Current A's pitcher Mike Fiers, who spent three seasons as a member of the Astros, was the first to go on record and talk about the cheating ways. Since then, he's received quite a bit of backlash from fans ... and even sports analysts.

But he has a lot of support when you sift through the awful Twitter mentions (and fake niece accounts -- seriously, what?!) in his friend and former college teammate J.D. Martinez.

“Sucks for him. I’ve talked to him about it,” Martinez said in an interview with MassLive.com. “I understand his side of it. I understand his side of it, being in that division and going against those guys. It’s one of those things where it’s an uncomfortable position for him. I understand why he did what he did.”

The Boston Red Sox designated hitter was also asked if it were possible Fiers would fall victim to any type of retaliation on the field during this upcoming season -- or any season after that.

“I don’t know what’s going to happen,” Martinez said. “I wish him the best with everything. I talked about it with him. He obviously felt like he needed to and I understand it.”

We don't know what will materialize once actual baseball games are played, but it appears there is more heat on Major League Baseball than Fiers.

ESPN baseball analyst and Mets advisor Jessica Mendoza recently gave her thoughts publicly on what Fiers had done saying it "didn't sit well" with her on the fact that he decided to "go public."

What she said didn't sit well with many. Myself included.

This isn't an article to discuss what she said or the fact she holds both of these titles is a conflict of interest. This article will, however, expound she was false in her statements.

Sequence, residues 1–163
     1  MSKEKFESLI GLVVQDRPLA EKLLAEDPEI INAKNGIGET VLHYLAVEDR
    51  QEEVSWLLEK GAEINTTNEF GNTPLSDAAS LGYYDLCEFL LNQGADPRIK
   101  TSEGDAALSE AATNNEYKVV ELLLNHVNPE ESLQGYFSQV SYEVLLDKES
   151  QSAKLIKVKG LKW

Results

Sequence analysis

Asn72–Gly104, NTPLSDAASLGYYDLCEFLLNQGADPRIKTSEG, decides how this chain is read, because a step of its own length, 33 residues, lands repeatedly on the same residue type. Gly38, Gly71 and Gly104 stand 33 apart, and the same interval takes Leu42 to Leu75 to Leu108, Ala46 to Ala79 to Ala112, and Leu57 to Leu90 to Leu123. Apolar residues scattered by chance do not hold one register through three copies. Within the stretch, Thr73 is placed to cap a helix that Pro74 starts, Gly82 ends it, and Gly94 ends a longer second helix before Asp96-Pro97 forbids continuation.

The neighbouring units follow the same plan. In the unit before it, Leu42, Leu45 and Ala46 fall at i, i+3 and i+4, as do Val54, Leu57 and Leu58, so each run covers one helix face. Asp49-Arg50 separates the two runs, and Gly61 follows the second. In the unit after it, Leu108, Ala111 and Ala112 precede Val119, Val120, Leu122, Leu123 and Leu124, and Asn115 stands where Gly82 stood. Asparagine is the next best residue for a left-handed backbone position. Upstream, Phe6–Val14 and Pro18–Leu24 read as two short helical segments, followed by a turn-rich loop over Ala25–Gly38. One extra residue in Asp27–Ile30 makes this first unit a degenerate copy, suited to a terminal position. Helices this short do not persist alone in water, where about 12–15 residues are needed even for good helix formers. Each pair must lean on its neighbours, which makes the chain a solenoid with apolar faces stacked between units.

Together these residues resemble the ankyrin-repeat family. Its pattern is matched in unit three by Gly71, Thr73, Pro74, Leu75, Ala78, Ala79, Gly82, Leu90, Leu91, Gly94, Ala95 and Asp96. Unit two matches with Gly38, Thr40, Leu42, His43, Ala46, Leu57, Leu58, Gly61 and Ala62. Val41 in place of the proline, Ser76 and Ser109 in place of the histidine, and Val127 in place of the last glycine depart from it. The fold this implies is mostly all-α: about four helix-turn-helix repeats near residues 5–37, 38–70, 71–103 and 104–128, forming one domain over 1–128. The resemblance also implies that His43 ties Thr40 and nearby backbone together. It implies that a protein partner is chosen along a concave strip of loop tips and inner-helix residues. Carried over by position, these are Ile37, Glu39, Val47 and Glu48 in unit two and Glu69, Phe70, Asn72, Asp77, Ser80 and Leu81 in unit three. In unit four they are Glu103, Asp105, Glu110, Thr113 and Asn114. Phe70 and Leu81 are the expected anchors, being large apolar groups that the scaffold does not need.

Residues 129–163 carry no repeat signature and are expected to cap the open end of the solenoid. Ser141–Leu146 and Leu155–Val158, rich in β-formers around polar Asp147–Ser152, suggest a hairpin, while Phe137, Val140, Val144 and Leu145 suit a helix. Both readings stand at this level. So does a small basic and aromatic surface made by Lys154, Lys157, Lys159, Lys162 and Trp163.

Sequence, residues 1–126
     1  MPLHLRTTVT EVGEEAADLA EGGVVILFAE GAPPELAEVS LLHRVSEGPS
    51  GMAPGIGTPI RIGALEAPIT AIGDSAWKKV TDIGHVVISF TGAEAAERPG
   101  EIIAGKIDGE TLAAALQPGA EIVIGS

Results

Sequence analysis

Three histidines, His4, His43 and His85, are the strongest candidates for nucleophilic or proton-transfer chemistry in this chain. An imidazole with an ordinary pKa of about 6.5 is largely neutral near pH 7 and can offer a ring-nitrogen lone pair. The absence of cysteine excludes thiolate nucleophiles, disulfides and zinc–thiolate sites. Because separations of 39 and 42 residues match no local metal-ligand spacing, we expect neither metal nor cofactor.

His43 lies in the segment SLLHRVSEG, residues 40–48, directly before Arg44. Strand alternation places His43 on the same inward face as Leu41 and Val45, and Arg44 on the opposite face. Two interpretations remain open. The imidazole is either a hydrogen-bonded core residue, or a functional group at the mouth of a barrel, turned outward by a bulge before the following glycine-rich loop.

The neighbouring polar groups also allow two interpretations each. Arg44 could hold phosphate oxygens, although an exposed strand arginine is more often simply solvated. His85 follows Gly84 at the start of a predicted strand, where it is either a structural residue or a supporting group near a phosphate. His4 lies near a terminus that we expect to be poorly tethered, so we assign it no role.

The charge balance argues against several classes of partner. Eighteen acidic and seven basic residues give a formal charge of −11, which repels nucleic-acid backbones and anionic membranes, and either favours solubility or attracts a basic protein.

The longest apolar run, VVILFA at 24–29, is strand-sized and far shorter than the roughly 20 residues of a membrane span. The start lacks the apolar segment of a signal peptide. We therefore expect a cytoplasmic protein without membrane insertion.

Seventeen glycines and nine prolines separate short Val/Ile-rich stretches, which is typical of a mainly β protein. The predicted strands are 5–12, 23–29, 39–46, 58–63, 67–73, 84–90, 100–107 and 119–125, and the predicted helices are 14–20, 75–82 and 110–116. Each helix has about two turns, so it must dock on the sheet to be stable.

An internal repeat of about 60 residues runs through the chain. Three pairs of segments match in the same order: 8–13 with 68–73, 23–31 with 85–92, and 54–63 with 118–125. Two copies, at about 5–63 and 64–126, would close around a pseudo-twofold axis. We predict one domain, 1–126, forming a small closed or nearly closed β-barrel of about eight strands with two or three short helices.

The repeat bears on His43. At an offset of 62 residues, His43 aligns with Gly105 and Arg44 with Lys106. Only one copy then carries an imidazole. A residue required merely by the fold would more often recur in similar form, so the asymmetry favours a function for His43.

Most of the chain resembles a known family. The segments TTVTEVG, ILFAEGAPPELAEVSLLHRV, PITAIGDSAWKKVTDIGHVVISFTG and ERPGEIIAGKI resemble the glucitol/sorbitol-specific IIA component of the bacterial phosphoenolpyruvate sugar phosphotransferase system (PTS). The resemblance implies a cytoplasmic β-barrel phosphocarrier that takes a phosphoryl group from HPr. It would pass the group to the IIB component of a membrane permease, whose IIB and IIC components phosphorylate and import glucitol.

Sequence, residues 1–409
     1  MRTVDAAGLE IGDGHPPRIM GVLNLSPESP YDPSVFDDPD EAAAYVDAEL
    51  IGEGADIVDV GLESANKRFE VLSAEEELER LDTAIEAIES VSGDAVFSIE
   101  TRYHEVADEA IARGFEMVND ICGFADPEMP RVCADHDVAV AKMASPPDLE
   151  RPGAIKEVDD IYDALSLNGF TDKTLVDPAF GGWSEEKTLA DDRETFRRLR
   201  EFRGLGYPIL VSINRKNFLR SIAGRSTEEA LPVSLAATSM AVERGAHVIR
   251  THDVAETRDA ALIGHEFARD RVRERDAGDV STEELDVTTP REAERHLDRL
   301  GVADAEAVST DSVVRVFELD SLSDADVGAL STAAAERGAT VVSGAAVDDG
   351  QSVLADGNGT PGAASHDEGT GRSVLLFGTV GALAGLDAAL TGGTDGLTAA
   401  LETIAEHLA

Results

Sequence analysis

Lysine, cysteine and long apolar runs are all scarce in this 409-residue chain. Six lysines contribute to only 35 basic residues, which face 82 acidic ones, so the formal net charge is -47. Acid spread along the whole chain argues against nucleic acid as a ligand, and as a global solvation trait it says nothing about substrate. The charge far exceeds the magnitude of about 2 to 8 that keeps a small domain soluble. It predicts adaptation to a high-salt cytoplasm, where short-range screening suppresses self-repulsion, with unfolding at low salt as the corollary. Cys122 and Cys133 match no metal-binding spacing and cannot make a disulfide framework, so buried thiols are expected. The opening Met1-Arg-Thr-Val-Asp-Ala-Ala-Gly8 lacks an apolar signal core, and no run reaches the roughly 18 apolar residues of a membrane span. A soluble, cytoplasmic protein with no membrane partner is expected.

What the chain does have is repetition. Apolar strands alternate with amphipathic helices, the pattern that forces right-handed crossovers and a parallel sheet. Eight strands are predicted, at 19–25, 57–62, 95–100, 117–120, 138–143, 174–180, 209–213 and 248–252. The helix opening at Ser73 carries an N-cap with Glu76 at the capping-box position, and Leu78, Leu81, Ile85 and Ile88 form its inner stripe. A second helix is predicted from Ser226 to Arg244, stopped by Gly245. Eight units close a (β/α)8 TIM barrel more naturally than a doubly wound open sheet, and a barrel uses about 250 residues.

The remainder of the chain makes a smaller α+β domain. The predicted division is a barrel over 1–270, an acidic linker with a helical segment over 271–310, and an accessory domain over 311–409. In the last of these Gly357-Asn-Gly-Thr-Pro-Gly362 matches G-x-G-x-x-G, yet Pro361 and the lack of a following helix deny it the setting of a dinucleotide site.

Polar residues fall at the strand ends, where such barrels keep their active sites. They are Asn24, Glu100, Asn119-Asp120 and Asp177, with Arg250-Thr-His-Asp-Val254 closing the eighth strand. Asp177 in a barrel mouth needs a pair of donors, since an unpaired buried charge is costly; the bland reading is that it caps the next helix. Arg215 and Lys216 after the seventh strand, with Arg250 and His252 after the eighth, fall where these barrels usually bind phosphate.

It's important to showcase that Fiers has the support from not only his friends/fellow baseball players but those who spend money and time dedicated to the sport.

Since Fiers bravely went public in that interview with The Athletic, baseball saw a few historic penalties.

Astros manager A.J. Hinch and general manager Jeff Lunhow were both fired. The team forfeited its first- and second-round picks in the 2020 and '21 MLB drafts and were fined $5 million. This is the highest allowable fine under the Major League Constitution. 

Boston Red Sox manager and Alex Cora "mutually parted ways" after the scandal. Cora served as the Astros' bench coach the year the team won the World Series.

As Martinez says, we don't know what will happen in the upcoming months as more light is shed on these situations, but many are saying Fiers should be commended for what he did.